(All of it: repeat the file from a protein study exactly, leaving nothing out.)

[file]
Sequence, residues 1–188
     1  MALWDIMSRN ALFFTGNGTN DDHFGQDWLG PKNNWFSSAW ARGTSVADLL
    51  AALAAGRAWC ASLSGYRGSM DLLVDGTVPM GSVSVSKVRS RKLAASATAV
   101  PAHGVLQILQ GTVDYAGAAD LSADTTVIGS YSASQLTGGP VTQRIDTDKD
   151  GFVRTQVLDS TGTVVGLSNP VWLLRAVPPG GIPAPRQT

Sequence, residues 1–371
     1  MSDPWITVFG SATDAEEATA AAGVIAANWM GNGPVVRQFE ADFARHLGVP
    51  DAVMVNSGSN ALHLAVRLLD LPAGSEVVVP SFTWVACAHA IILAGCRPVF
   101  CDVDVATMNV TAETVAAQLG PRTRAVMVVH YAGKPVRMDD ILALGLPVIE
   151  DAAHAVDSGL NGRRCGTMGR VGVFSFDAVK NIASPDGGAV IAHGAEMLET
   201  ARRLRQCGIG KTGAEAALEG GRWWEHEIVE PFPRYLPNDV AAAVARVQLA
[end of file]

Sequence, residues 1–188
     1  MALWDIMSRN ALFFTGNGTN DDHFGQDWLG PKNNWFSSAW ARGTSVADLL
    51  AALAAGRAWC ASLSGYRGSM DLLVDGTVPM GSVSVSKVRS RKLAASATAV
   101  PAHGVLQILQ GTVDYAGAAD LSADTTVIGS YSASQLTGGP VTQRIDTDKD
   151  GFVRTQVLDS TGTVVGLSNP VWLLRAVPPG GIPAPRQT

Sequence, residues 1–371
     1  MSDPWITVFG SATDAEEATA AAGVIAANWM GNGPVVRQFE ADFARHLGVP
    51  DAVMVNSGSN ALHLAVRLLD LPAGSEVVVP SFTWVACAHA IILAGCRPVF
   101  CDVDVATMNV TAETVAAQLG PRTRAVMVVH YAGKPVRMDD ILALGLPVIE
   151  DAAHAVDSGL NGRRCGTMGR VGVFSFDAVK NIASPDGGAV IAHGAEMLET
   201  ARRLRQCGIG KTGAEAALEG GRWWEHEIVE PFPRYLPNDV AAAVARVQLA